In this post I will be arguing for hand drawn notations. It has been inspired by 's critique of TeX for mathematical publishing, a
very much different opinion:
I'm linking the above 2-year old post first, because it has some discussion, the latest is this one:
(1) - First and before all, the notation should reflect what is going on. To the point that everything that can be said about a structure, can also be written down. Uhm, that sounds weird... But it's not, let my try again:
What i'm demanding here is that the language has to be powerful enough to capture what you intend to say with it.
Say, you have an idea, followed by cognition, a little enlightenment so to speak, and you now want to share it with your friends. So you make up a story to convice them. Better yet, start writing it down so you can be sure it doesn't change after you fiddled it to your satisfaction.
Your story might contain nouns for all objects of interests, verbs that allow to relate them in each of the important ways, or be structured in a very different way. If your language is one of the better ones, it'll allow others to reason in interesting directions you haven't thought of before.
(2) - All notation should be concise. People working with results (to apply them, do research, or teach them) are expected to fill loads of blank space with scribbles in that notation.
I find it interesting that that often makes reading math books hard. Sure, finding answers often took one or many researchers's life-long dedication, but learning notation is no piece of cake either! Some areas easily require you to invest a year of studying to get a decent insight from scratch.
Still, it is much more economic to read those pesky books than to find out all by yourself! You know, there are lots of beginner's introductions for almost any topic, but they are fashionable, ephemeral after a while, whereas the original writings often stay popular for decades, centuries, or even longer!
Maybe mathematicians like TeX because it feels more like drawing pictures. And that one guy, Donald, felt that he should be holding the pen, because he couldn't trust people who'd typeset for him to make the best decisions. And that that'd be worth the effort!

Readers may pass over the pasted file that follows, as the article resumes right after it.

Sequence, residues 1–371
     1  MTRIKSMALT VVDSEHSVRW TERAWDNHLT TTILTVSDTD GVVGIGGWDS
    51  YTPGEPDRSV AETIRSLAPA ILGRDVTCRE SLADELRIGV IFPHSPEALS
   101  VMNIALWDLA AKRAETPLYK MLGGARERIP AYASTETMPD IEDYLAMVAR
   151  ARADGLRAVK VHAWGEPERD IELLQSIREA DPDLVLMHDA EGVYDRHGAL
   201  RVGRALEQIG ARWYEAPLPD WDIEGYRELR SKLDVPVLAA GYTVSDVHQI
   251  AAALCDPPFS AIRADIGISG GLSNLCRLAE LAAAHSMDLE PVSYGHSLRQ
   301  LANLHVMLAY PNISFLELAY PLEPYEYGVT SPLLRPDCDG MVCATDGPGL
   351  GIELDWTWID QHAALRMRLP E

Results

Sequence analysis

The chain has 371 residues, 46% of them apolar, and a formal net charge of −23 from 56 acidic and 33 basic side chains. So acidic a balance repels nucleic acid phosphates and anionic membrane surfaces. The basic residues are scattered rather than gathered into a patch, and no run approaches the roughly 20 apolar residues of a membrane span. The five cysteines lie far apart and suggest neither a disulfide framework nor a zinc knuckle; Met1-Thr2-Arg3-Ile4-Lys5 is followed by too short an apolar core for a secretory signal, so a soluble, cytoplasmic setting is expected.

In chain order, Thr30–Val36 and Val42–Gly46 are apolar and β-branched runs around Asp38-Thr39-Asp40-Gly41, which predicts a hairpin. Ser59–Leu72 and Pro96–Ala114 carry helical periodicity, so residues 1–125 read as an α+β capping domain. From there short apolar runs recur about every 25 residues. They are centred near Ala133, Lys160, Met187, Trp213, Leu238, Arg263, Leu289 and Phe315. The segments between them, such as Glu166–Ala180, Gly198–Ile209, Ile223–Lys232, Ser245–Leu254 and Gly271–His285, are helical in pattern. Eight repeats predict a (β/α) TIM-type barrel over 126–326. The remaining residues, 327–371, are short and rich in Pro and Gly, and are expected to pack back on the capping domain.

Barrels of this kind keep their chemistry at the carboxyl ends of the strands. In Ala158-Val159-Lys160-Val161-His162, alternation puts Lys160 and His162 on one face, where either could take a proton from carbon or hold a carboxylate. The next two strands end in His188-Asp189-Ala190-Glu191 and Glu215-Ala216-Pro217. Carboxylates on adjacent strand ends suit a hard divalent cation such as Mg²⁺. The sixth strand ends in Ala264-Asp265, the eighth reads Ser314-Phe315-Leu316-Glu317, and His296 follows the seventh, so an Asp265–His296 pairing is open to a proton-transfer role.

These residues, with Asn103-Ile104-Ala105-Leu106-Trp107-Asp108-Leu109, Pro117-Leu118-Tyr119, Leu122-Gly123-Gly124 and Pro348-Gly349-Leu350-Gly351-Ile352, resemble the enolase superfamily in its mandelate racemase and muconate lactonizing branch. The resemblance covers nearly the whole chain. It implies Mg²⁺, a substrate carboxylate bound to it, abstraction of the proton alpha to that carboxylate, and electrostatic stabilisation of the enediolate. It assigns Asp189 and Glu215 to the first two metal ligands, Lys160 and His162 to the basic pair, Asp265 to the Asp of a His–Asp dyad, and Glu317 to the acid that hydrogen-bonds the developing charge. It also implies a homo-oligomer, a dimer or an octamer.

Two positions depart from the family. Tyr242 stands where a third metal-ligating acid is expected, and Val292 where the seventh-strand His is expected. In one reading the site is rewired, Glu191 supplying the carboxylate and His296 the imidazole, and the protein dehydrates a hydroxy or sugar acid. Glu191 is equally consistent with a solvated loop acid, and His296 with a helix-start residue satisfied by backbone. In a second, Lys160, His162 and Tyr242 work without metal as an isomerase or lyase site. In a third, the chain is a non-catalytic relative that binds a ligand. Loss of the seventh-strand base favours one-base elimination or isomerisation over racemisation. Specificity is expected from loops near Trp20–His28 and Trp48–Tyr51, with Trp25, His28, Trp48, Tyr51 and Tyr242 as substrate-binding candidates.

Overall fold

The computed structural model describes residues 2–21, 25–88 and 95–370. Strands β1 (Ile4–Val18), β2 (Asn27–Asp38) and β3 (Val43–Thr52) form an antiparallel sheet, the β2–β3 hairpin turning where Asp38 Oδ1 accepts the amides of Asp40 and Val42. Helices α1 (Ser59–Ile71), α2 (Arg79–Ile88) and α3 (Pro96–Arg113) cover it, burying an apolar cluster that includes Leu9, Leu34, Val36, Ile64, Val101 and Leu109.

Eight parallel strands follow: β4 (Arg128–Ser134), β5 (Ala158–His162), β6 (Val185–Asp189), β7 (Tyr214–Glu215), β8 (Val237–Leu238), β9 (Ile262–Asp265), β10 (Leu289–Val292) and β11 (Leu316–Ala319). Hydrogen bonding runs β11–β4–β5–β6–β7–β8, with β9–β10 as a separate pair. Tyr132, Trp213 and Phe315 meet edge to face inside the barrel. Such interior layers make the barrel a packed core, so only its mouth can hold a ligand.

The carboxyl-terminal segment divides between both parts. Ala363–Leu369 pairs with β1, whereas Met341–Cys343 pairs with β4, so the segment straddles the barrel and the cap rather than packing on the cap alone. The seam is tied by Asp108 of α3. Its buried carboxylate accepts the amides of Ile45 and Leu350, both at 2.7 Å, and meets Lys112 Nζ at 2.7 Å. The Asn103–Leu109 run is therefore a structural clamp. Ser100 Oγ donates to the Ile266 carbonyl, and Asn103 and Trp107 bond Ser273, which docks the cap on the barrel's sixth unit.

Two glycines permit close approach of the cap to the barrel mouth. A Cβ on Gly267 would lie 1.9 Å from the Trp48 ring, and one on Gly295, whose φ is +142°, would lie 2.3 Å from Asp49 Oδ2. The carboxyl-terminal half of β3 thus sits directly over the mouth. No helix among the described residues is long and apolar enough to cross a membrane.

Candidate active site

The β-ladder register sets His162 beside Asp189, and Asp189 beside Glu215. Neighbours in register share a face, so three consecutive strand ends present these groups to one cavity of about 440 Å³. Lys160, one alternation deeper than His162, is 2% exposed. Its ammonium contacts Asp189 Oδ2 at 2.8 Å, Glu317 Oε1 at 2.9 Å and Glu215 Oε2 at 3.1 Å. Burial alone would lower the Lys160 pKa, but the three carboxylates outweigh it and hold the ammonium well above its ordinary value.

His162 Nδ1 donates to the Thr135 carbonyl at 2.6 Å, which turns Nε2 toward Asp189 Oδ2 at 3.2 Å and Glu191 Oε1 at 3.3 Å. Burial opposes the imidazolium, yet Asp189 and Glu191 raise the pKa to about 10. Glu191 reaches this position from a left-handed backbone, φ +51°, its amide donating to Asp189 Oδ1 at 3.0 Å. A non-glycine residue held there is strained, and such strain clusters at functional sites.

(3) - Make it look similar to everyone else's. You do want to lean on the plenty of natural language or existing math notation to communicate with your readers. Ideally one would use the same symbols, but if there is something to describe that could be really new, that might not be the best choice:
(4) - Make it subtely differ from everyone else's. Yes, I know, I just stated the opposite opinion. It is just impossible to tell beforehand which other notation will appear next to our favorite kind of hieroglyphs:
For one, you don't know about relations to other areas that haven't been discovered yet, and in mathematical reasoning that tends to be the case more often than not!
And secondly, still, people will want to try and look if they can find such connections, even if that turns out not to be the case.
All of these reasons only make sense if we understand written mathematics as a form of communication between human beings. To make these ideas do something in the physical world, for example, tell a computer to perform a computation, is the job of engineers. Like typesetters they are better at their job than mathematicians... Oh wait, I'm contradicting myself again!
(5) - Nowadays we have another fascinating development: Proof assistants. Simple programming languages, like
Well, mathematicians do compute, but their top notch results are theorems. Sometimes that means presenting the outcome of large computations, but not too many researchers end up publishing tables with numbers (or symbols) in mathematics.
So to them, a calculator isn't the right tool to write up their kind of results, and to communicate those to others. Or even to make significant progress, because calculators can only yield the easy fruits. The ones hard to get require a creative thinker to find a new way to get where no one has gone before.
But a proof assistant just might provide a significant edge over doing mathematics in the traditional way. And that would get many people writing maths in a format a computer can handle semantically.
What mathematics is, and how it is practiced are subject to change. I bet there'll always be a place for people doing geometry with a stick on a beach. But there will also be new fields born out of traditional ones.
And sometimes the medium changes, too. I'd guess that TeX's availability as open source has also been an important step in the ongoing struggle to free math papers from publishers, who lock them up, and let you have a look only if you pay them.
For a piece about change in mathematics, have a look at John Von Neumann's short "The Mathematician":
Thanks to for posting about it here:
The picture I found because used it here:
It's by Lucas Vieira Barbosa, read Richard's post to find out more about him.
Still reading? Are you ready for more on complex numbers? Look out for my upcoming post!